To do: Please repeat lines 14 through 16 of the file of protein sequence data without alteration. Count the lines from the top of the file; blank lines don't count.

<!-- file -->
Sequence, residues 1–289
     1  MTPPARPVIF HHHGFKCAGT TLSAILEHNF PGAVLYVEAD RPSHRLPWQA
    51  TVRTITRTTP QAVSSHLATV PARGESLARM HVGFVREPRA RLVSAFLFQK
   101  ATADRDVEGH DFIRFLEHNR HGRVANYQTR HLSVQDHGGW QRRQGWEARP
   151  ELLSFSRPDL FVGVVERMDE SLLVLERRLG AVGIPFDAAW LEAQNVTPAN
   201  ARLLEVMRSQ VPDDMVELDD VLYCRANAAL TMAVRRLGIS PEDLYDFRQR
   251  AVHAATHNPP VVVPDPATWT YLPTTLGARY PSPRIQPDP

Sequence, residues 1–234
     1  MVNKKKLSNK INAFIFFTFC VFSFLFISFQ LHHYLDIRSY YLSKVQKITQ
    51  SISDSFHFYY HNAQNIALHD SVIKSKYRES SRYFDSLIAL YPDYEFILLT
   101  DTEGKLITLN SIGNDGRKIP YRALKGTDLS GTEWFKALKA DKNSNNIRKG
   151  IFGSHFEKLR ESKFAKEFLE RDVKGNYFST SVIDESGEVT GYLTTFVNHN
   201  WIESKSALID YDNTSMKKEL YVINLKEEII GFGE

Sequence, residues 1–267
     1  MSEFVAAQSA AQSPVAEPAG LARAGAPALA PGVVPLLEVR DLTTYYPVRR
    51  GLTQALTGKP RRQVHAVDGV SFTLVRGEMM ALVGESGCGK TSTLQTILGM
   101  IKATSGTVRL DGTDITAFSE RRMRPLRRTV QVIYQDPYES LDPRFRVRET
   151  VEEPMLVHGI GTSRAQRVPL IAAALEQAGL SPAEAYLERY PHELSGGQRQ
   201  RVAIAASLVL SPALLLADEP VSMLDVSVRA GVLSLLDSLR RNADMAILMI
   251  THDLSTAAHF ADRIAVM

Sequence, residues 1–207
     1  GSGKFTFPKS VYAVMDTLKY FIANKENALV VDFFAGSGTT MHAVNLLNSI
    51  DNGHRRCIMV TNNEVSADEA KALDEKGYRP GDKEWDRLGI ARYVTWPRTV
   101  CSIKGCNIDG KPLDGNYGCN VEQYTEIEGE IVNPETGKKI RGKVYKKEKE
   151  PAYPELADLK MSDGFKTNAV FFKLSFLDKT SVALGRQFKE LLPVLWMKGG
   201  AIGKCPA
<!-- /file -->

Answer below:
Sequence, residues 1–267
     1  MSEFVAAQSA AQSPVAEPAG LARAGAPALA PGVVPLLEVR DLTTYYPVRR
    51  GLTQALTGKP RRQVHAVDGV SFTLVRGEMM ALVGESGCGK TSTLQTILGM